Defensively, Lopez allows opponents to land 21% of their punches per round, including a moderately high 28% power-punch connect percentage. Despite the relatively high numbers, it should be noted that Lopez won all but 3 career fights by stoppage. Can he allow Loma to land at that rate and still win?
THE GREAT WEIGHT DEBATE
In April of this year, Lopez said to reporters that he was 160lbs. He typically enters the ring on fight night closer to 150lbs. Why is this important? Another big, rugged Latino fighter gave Lomachenko his first professional loss after entering the ring on fight night at 147lbs and failing to make the 126lb limit.
Based on the weight factor, Lopez has said in advance that this will be his final fight at lightweight. Makes you wonder whether or not weight added after the long layoff could force him to drain himself to get down to 135lbs come fight night?
A drained fighter in front of Lomachenko is a dead man walking. When the bell rings, will Teo have enough in the tank to avoid getting spanked?
Both men will enter the ring on the heels of their longest career lay-off. For Lomachenko, it’s been 14 months; for Lopez, it’s been 10 months.
Sluggish energy will be the biggest problem for Lopez after going so long without lacing up. For Lomachenko, instincts and timing could seal the deal, allowing Lopez to go for the ‘kill’!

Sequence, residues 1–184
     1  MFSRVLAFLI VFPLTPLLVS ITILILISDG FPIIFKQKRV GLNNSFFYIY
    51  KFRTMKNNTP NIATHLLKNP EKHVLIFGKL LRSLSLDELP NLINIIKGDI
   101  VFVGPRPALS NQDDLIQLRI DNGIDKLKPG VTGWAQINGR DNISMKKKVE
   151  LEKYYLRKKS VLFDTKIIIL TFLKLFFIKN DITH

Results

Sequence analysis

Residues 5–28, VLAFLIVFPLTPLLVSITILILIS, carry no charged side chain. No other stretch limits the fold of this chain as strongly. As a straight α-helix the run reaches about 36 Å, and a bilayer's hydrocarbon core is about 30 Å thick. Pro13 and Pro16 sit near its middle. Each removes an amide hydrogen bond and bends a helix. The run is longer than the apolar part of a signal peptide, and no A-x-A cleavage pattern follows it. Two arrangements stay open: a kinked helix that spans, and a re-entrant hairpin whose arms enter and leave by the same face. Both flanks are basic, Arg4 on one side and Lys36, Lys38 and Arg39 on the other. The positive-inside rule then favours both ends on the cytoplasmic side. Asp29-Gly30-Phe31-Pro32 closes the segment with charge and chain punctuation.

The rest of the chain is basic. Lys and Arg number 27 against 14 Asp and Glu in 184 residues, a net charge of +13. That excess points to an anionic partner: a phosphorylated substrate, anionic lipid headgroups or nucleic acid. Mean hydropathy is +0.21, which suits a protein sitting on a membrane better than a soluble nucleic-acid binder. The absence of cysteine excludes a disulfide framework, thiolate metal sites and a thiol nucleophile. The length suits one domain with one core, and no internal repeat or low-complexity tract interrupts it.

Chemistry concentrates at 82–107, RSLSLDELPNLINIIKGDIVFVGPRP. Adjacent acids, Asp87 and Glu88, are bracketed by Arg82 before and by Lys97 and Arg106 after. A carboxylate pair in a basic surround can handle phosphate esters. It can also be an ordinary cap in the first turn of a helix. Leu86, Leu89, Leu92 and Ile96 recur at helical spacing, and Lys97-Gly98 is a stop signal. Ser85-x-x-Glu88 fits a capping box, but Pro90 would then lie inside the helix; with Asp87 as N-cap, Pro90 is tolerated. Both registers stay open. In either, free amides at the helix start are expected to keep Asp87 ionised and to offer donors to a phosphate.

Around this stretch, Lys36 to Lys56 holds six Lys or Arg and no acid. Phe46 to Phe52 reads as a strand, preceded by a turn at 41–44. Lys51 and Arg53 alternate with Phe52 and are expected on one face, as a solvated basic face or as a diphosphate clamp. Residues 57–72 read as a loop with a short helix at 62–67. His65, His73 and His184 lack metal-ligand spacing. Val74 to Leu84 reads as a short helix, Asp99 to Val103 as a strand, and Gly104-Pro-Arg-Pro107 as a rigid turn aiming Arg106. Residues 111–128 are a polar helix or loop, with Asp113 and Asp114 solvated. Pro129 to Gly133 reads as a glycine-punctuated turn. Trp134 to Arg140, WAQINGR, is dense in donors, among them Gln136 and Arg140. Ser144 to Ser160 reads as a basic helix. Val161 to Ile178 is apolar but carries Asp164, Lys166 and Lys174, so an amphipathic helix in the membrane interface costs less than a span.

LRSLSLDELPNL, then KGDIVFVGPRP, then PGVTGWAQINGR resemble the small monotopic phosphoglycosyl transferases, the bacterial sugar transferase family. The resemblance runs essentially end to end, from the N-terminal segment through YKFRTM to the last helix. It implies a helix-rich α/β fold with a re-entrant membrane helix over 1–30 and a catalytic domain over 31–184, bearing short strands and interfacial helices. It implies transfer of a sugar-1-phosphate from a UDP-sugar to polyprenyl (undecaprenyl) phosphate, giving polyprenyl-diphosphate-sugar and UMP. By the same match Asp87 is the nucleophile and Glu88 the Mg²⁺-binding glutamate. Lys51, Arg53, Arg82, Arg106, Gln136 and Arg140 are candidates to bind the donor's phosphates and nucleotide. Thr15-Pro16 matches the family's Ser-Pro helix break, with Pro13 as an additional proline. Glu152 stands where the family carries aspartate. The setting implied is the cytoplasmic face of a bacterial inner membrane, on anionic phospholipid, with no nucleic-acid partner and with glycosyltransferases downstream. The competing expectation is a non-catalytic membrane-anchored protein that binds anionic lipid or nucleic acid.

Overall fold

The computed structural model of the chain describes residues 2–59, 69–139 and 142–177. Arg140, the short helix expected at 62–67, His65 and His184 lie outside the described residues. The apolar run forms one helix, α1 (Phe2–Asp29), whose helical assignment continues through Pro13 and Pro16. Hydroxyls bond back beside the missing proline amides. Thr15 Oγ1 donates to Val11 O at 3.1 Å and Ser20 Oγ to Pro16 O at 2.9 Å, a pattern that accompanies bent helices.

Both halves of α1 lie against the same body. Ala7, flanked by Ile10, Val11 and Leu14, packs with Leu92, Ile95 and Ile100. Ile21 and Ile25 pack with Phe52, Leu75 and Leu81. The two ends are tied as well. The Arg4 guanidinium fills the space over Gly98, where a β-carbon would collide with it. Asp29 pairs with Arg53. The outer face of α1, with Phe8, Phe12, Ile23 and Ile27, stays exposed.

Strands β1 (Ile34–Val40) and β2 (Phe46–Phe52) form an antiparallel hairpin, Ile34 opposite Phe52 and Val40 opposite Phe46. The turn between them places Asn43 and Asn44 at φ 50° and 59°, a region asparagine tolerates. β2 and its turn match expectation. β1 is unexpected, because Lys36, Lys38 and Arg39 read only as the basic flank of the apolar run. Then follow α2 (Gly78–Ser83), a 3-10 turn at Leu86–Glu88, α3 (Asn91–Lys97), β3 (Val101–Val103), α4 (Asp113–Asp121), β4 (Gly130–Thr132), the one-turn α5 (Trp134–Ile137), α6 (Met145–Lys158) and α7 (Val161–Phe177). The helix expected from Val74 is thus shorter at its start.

At the highest level, a split-second lapse in attention can dictate whether a fighter escapes a thunderous shot or is attentive enough to land one of his own.
Facing a younger, stronger, bigger fighter like Lopez, needless to say, for Lomachenko, this is a chief concern that could get him burned!
What started as typical promotional theater has clearly become personal. Lomachenko is threatening to “punish” Lopez for the tough talk, and everything in his past tells us he has the skill to do it. But how? As tough as he is, you can’t help but realize that this is a different level.
Both Linares and Pedraza made Lomachenko appear very human despite their losses to him. Everyone talks about the Commey stoppage when Lopez connected flush in the 2nd round, but no one talks about the greatest element of that story.
That element is the fact that they were both welterweights in the ring that night, hovering at or slightly above the 150lb mark.
Lomachenko has all the tools to dissect someone like Lopez……at a lower weight class! Yes, he can hurt Teo, and yes, Loma can put him on his back foot. But can his small frame absorb the punishment necessary to do that long enough to stop Teo from dishing his own punishment?
Can Loma take it when he does? The odds say, NO! And certainly not for 12rds. Having to use his shorter reach to get closer will result in more punishment than the incredible Ukrainian will be able to absorb. A strong body assault, coupled with power shots and vicious hook, will end the night.
TEOFIMO LOPEZ – KO RD9
(This stoppage could very well come at a point where Lopez finds himself down on all 3 scoring cards)
Vivek “Vito” Wallace can be reached at 954.770.9807 or at firstname.lastname@example.org. For daily boxing talk, go to his Facebook.